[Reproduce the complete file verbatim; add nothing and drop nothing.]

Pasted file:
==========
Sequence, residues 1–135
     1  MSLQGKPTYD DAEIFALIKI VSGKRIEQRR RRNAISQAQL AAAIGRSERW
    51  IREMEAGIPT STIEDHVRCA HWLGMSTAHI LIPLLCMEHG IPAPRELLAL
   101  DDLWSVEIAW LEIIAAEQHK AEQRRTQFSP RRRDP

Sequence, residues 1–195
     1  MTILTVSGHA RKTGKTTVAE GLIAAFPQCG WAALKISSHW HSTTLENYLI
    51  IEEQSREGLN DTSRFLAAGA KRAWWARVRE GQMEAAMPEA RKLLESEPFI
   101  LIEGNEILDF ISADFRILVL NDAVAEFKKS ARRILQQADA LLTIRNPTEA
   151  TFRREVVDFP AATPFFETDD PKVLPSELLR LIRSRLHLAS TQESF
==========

Sequence, residues 1–135
     1  MSLQGKPTYD DAEIFALIKI VSGKRIEQRR RRNAISQAQL AAAIGRSERW
    51  IREMEAGIPT STIEDHVRCA HWLGMSTAHI LIPLLCMEHG IPAPRELLAL
   101  DDLWSVEIAW LEIIAAEQHK AEQRRTQFSP RRRDP

Sequence, residues 1–195
     1  MTILTVSGHA RKTGKTTVAE GLIAAFPQCG WAALKISSHW HSTTLENYLI
    51  IEEQSREGLN DTSRFLAAGA KRAWWARVRE GQMEAAMPEA RKLLESEPFI
   101  LIEGNEILDF ISADFRILVL NDAVAEFKKS ARRILQQADA LLTIRNPTEA
   151  TFRREVVDFP AATPFFETDD PKVLPSELLR LIRSRLHLAS TQESF